Indoor Installation of 10,000 Plants Considers Relationship Between Endangered Australian Grasslands and Architecture
For Australia’s Venice Architecture Biennale pavilion, curators Mauro Baracco and Louise Wright, of Baracco+Wright Architects worked with artist Linda Tegg to create Grasslands Repair, a 10,000-plant recreation of the grasslands of southeast Victoria. The living indoor installation spans much of the pavilion and extends to its outdoor space, with walkways that allow viewers to move among the 65 species of Western Plains Grasslands plants.
The theme for the 2018 biennale (which opened in May) is “Repair,” which was described in a press release as a way of considering how architecture can “play a role in repairing the places it is part of.” Only one percent of the grasslands of mid-18th century Victoria still exists— largely the result of urbanization and industrial land use — so for Baracco, Wright, and Tegg, Grasslands Repair shows the real cost of human land occupation. “The area of plants exhibited is similar to that taken up by the pavilion,” the curators said. “It is also a smaller area than that of an average Australian family house. Such an area takes around an hour to bulldoze.”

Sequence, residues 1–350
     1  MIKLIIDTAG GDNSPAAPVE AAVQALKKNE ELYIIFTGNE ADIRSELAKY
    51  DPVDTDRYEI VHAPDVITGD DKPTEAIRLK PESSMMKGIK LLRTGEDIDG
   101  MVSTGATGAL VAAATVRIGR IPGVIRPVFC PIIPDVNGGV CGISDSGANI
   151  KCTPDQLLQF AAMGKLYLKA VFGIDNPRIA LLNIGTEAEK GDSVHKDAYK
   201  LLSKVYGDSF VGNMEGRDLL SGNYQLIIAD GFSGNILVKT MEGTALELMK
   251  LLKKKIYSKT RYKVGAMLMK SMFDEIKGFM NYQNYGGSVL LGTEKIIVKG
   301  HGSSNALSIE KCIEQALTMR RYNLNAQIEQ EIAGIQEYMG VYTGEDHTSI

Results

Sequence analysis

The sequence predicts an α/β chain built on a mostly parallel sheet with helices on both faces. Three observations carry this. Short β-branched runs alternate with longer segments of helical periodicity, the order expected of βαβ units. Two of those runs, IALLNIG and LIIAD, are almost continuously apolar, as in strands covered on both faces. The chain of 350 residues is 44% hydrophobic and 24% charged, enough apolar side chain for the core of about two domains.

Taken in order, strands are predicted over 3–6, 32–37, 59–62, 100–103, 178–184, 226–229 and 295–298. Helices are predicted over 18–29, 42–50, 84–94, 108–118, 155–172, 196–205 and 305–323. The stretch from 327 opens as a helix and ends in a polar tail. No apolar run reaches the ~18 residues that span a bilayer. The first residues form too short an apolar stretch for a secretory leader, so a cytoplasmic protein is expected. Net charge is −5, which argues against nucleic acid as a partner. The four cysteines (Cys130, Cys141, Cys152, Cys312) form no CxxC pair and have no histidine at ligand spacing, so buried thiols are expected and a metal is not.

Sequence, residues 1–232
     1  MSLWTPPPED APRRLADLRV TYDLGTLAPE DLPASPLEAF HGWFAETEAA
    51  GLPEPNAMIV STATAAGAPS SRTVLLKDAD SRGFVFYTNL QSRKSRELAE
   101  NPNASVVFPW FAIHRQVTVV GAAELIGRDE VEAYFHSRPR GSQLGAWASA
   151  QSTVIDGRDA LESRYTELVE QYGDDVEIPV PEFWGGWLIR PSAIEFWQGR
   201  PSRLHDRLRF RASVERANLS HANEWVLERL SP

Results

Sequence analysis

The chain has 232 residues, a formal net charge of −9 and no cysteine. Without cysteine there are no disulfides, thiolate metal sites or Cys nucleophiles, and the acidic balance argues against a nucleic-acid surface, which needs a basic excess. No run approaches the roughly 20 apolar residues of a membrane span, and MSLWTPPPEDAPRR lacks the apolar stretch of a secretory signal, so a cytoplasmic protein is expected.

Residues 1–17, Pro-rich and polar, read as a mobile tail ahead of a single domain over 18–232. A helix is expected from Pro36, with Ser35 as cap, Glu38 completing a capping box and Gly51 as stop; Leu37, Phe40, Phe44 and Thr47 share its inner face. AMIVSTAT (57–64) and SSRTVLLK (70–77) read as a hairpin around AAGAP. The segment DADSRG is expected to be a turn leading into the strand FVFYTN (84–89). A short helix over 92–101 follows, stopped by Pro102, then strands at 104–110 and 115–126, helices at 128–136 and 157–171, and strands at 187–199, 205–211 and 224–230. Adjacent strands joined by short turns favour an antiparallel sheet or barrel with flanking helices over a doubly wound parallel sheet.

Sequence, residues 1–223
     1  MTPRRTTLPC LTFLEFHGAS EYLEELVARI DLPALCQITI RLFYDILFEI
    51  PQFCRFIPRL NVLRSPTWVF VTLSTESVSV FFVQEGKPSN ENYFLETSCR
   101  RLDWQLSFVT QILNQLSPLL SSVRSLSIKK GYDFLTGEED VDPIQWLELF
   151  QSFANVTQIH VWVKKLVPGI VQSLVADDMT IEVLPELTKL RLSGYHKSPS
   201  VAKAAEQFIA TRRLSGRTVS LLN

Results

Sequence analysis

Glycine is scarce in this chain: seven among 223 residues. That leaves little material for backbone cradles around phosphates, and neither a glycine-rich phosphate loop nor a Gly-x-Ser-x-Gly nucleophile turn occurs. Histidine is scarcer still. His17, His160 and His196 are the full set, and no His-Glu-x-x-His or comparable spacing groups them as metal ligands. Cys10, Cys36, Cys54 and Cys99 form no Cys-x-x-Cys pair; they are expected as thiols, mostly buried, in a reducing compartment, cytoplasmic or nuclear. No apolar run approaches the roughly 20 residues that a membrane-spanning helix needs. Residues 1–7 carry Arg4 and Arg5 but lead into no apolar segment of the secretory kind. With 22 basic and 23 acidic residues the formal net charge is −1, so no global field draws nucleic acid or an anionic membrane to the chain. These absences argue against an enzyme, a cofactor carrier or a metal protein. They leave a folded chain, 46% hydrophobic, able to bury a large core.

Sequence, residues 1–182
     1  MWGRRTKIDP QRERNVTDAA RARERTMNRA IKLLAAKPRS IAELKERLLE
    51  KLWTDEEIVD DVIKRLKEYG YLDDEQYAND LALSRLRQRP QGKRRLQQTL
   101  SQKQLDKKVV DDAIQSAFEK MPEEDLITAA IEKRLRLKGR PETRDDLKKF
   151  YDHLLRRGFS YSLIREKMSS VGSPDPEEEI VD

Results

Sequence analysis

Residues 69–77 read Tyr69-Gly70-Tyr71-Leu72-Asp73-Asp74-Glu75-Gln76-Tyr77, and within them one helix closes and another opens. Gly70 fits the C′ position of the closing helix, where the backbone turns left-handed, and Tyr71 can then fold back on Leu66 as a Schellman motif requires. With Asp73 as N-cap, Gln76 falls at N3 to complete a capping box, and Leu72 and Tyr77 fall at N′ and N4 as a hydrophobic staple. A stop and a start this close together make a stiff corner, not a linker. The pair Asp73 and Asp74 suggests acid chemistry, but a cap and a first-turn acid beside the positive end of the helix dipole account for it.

Supporting the living garden from above is an installation called Skylight, which uses LEDs as an artificial light source since the walls and ceiling of the structure block the sun. Throughout the biennale, films that explore the theme of Repair are screened on the walls of the Grasslands Repair installation, including Ground, which was created by Baracco+Wright and Tegg in collaboration with David Fox. Without the history of the region for context, the installation is just another indoor garden perfectly suited for selfies, but with the knowledge of what human interaction has done to indigenous species, it becomes a call to action to try and undo the damage we have done.